Bella Shapiro

Israel Government Fellows
 
As much as I love the movie Forest Gump, I do not agree that, “Life is like a box of chocolates.” After returning from Masa Israel’s Israel Government Fellows, a 10-month Israeli government internship program, with the decision to pursue a career connected to Israel and the Jewish people, I believe that life is more like a cake in which layers are slowly built and stacked one on top of the other. 
 
My evolution was definitely not predictable. While I grew up in the Bay Area with a certain awareness of my “Jewishness”—my parents told me I had to marry a nice Jewish boy and we celebrated the high holidays in our own way—I never cared or even knew about the politics, history, or depth of my own rich heritage. 
 
Like many Jewish youth, it wasn’t until midway through college that I began getting involved in Jewish life. I attended St. Mary’s College of California, a Catholic liberal arts school, and decided to take the one introductory Judaism course that my school offered. While studying abroad in England, I participated in a rally protesting Holocaust deniers’ speaking engagements at the university. After returning to the States, I became active with UC Berkeley Jewish groups (as none were available at St. Mary’s) and saw the challenges facing Jewish students on college campuses. The more I took part in various activities, the more I realized how much these issues personally resonated with me. 
 
By the time senior year came along, I started thinking about my passions and how I could apply them to a career. Though my liberal arts degree did not provide me with much of a focus, I realized that ultimately I felt strongest about issues relating to Jews and Israel. With that in mind, I decided to test my theory and spend a year in Israel. I literally wanted to do everything – work, travel, learn the language, and immerse myself in the culture, history, and politics.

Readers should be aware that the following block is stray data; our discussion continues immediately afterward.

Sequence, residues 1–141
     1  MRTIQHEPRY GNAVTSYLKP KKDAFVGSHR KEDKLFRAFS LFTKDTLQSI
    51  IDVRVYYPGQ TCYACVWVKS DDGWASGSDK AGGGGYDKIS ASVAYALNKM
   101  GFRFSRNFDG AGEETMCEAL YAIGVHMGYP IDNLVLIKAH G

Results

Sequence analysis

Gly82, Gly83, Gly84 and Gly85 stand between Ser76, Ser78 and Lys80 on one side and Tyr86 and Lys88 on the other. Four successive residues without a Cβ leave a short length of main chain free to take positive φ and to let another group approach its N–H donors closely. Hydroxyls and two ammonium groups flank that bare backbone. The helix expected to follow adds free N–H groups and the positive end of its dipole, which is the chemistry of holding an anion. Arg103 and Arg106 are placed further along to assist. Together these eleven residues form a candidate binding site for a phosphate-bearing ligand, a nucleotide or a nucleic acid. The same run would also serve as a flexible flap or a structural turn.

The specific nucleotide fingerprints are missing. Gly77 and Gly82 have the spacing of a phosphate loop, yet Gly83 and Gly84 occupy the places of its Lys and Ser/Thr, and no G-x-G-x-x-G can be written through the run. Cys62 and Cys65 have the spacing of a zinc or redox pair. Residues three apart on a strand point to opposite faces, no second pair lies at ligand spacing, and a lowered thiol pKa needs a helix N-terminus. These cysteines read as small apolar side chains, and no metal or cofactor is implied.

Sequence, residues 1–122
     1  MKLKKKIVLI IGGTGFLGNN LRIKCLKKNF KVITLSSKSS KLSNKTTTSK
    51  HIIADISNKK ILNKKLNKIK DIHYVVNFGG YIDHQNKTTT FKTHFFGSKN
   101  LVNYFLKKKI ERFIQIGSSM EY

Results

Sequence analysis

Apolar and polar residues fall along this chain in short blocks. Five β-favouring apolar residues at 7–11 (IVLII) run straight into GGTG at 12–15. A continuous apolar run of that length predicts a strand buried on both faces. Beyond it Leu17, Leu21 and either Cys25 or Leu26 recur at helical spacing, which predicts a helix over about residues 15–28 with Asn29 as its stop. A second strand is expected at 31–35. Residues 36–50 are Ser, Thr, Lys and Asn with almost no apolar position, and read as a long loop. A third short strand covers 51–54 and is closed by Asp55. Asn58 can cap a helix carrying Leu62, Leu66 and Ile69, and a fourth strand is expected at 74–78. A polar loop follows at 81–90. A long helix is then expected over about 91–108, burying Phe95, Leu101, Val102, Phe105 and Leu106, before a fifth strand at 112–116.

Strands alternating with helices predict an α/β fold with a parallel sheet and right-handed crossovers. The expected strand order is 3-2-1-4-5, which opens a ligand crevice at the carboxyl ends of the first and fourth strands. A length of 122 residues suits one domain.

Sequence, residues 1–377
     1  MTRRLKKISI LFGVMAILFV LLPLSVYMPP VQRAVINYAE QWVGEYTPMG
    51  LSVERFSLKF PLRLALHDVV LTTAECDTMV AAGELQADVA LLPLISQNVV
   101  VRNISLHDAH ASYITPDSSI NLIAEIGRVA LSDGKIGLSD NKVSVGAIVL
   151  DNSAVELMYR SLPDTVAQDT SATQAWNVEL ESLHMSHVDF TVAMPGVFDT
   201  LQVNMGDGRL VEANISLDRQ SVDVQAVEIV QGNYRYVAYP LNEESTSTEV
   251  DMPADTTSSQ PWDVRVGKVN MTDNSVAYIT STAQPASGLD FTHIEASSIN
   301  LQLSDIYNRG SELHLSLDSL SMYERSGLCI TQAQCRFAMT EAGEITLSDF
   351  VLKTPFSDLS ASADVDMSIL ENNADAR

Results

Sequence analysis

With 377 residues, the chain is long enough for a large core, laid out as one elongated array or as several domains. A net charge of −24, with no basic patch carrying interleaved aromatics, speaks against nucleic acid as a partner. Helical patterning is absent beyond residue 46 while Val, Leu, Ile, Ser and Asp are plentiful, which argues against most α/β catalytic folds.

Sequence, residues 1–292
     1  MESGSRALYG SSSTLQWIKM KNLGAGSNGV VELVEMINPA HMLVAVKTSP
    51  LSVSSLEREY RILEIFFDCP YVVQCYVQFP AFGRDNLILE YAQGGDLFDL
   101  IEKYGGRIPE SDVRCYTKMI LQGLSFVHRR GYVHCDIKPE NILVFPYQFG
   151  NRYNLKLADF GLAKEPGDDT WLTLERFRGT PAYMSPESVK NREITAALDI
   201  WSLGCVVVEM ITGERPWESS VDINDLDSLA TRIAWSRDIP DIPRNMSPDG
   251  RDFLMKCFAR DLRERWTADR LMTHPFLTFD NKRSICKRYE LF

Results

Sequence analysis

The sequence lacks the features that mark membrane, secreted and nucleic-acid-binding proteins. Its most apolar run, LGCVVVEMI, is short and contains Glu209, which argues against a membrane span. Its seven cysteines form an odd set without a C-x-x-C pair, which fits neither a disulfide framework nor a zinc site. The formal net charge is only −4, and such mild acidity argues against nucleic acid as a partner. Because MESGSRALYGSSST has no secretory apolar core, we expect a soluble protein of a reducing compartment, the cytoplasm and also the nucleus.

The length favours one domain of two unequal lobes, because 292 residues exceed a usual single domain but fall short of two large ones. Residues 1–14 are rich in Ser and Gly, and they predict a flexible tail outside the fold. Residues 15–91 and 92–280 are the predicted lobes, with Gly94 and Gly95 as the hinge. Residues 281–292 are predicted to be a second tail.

Through Masa Israel Journey, I found the one program that was exactly what I was looking for – Israel Government Fellows, a unique 10 month internship in the Israeli government, which also included weekly educational seminars, meetings with top governmental officials, tours around the country, ulpan classes, and community service. 
 
My experiences during those 10 months were diverse and incredible. Not only did I have great internships at the Israel Ministry of Tourism and the Middle East Media Research Institute (MEMRI), but through my internships, I also had the opportunity to meet accomplished Israeli government officials, such as Shimon Peres, Nir Barkat, and Moshe Yaalon. Still the most important outcome of the year was my own personal growth. 
 
During my time in Israel, I found an independence and individual strength, which I was not aware that I possessed. Living alone in a foreign country and not knowing the language proved to be extremely difficult. Everything from opening a bank account to ordering a cup of coffee was a challenge. In the beginning, I distinctly remember feeling like I would never figure out the city or feel like a ‘Jerusalemite.’ Yet, by the end of the 10 months, I had a pub to call my own, was able to maneuver throughout the city with ease, and knew which vendor to go to for the best avocados in the shuk. Though they may seem like minor accomplishments, these were the things tested my resolve the most. 
 
Aside from adapting to day-to-day life in Israel while on Israel Government Fellows, I also reaffirmed my desire to commit my professional life to the Jewish people and the Jewish State. Israel Government Fellows provided me with unique insights into the workings of the Israeli government, while living in Israel allowed me to gain perspectives, which can only be acquired from first-hand, immersive experiences. As a result of this effective combination, I now have a better understanding of the type of job I would like to be doing and how I need to focus my passions. After taking part in a seven-week Hebrew immersion program at Middlebury College, I enrolled in Brandeis University's dual masters program in Jewish professional leadership and Middle East Studies. 
 
What started out as a vague notion of Jewish identity turned into a genuine love and desire to make a difference. Undoubtedly, living in Israel played a huge role in my personal development and impacted every aspect of my life. Looking back on this whole process, I see all the small steps I took which brought me where I am today. This is precisely why I do not agree with Forest Gump. I know exactly what I’m “going to get” because I have been the one building the layers. Though there is still progress to be made, I look forward to the day when I can finally put the cherry atop my cake.
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